In This Issue
In Memoriam, Kay Gilliland
Math Forum Online PD Courses
Macalester Problem of the Week
"Who Wants to Be a Mathematician" National Contest
Online PD
Free:
Orientation Sessions
Paid:
Problem Based Learning Courses
Graduate Credit:
Mathematics Teaching and Learning Certificate
Master's Degree


In Memoriam, Kay Gilliland
Kay Gilliland passed away peacefully Tuesday morning.
Kay was a longserving champion of equity in mathematics and
science education. Early in her decades of directorship of the
EQUALS Project at the Lawrence Hall of Science, Kay saw to the
production of EQUALS materials in Spanish to include
Hispanic Latinos.
She went on to serve as the president of the National Council
of Supervisors of Mathematics (NCSM), which established a
lecture series in her honor just last year.
The most recent recipient of the Walter Denham Memorial Award
from the California Mathematics Council (CMC), Kay also
received the Iris Carl Leadership and Equity Award from TODOS:
Mathematics for ALL.

Now taking place: math education conversation of the day

"I think that is the hardest question in math. I have not seen
guidance/advice from State Ed or Common Core Inc. So... here
are my thoughts..."

 Gene, posted to the secondary (grades 912) discussion group
of the Association of Math Teachers of New York State

http://mathforum.org/kb/message.jspa?messageID=9257050
Math Forum Online PD Courses
http://mathforum.org/pd/
Our next professional development courses start soon:
The only technical requirements are a web browser and Internet
access. To see what teachers have said about past Math Forum
courses, check out
http://mathforum.org/pd/prealgpow/reflections.html
Register by Thursday, 3 October, 2013.
Most of next month's courses will be taught by Max, whose first
book comes out in less than two weeks. Read early reviews of
Powerful Problem Solving and preorder it here:
http://mathforum.org/math_talk_landing_book.html

PoW taking place: math problemsolving moment of the week

"Weird, huh? And actually one of the things algebra is pretty
useful for. Ashlynn from Mesa Union Junior High did a nice job
using a combination of words, symbols, and colors. Justin from
Birch Wathen Lenox School carefully explained each simplifying
step. And I got a kick out of the magic trick that Sung from
Sisler came up with. I liked reading his silly story!"

 Max, commenting on the Algebra PoW's Latest Solution

http://mathforum.org/pows/solution.htm?publication=4275
Macalester Problem of the Week
http://mathforum.org/wagon/
MacPOW is back! After a semester's hiatus, Stan Wagon, of
Macalester College, has resumed posing a mathematics problem
to his undergraduates every week. The Math Forum posts these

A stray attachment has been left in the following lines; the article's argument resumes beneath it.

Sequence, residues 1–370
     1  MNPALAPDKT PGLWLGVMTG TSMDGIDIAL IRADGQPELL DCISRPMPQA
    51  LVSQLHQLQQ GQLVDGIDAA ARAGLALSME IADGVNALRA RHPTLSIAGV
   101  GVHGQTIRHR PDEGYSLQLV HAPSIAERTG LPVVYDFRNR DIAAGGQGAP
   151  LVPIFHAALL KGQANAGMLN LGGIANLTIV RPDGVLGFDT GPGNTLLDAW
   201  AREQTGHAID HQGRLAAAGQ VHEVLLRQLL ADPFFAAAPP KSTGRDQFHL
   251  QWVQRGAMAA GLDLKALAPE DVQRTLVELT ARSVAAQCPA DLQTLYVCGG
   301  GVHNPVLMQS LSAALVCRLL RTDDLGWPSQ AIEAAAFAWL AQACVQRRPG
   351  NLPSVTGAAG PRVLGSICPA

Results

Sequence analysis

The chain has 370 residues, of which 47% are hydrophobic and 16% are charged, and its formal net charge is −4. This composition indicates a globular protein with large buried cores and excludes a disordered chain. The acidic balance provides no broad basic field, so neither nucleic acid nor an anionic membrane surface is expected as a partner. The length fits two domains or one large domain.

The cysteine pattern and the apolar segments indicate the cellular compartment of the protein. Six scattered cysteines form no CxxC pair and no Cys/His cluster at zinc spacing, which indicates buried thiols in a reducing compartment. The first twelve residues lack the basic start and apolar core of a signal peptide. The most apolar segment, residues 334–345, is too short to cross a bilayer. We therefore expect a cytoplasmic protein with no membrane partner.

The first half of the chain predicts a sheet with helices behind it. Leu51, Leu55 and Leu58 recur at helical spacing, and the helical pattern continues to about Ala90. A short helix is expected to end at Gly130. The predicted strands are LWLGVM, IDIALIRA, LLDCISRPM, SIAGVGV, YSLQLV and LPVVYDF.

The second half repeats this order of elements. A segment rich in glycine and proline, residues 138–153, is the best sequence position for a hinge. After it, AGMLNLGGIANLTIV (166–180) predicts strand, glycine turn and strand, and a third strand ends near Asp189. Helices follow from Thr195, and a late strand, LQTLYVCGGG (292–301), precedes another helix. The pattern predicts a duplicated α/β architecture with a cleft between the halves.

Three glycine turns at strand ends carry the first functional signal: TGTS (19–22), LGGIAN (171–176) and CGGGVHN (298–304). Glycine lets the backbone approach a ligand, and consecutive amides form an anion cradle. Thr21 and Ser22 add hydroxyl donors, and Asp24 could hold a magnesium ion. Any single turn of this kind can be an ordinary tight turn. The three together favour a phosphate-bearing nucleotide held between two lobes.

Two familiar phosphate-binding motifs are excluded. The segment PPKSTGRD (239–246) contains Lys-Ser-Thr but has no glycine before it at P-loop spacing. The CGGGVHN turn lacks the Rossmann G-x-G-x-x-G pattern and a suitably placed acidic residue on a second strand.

puzzles and keeps an archive of past challenges — almost 380
of them, dating back eighteen years.
The problems are accessible to firstyear college students, so
very little background is needed to understand or solve them.
But through correspondence begun on the macpow mailing list of
more than 800 subscribers, MacPOWs have inspired not a few
research papers. In the past half year alone, Wagon has
collaborated on MacPOWs with six mailing list members to
coauthor four articles in journals ranging from American
Mathematical Monthly to Ars Mathematica Contemporanea.
Macalester's Problem of the Week tradition was started in 1968
by the late Professor Joe Konhauser. Professor Wagon took over
in 1993; this academic year, he will retire, spelling the end
of this unbroken 45 yearold tradition.
To subscribe to the mailing list, follow the instructions at
http://mathforum.org/wagon/about.html

Now taking place: math education conversation of the day

"Financial Ed PoWs aligned CCE Jump$tart literacy standards."

 Vijay, tweeted to @themathforum

https://twitter.com/bucharesttutor/
status/378250954543738880
"Who Wants to Be a Mathematician" National Contest
http://www.ams.org/programs/students/wwtbam/wwtbamnational
"Who Wants to Be a Mathematician" is back, too! In this
American Mathematical Society (AMS) game, high school students
solve problems in algebra, trigonometry, geometry, and
probability — everything but calculus — as they compete for
cash and prizes from the AMS, Maplesoft Inc., Texas
Instruments, and John Wiley & Sons. The winning contestant
pockets $5,000, with the math department of that teen's school
earning an additional $5,000.
Request a qualifying test for your high school students by
emailing the AMS Public Awareness Office, paoffice at ams dot
org, with the subject line "National WWTBAM." In the body of
the message, include your name, school, and courses taught
this year.
Hurry: the first round of qualifying starts tomorrow, and runs
through 27 September.


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